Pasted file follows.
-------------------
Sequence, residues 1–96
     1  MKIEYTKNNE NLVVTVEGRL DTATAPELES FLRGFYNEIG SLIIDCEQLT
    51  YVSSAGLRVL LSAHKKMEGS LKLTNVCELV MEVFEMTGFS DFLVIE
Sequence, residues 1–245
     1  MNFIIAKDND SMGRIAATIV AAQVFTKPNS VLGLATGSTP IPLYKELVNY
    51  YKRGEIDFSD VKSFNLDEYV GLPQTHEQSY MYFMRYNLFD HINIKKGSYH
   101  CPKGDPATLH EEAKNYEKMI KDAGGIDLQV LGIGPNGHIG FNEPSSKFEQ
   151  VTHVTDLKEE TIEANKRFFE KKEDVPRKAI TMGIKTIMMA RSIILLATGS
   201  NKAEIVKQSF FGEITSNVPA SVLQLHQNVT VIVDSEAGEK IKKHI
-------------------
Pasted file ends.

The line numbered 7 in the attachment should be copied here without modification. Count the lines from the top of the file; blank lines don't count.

   101  CPKGDPATLH EEAKNYEKMI KDAGGIDLQV LGIGPNGHIG FNEPSSKFEQ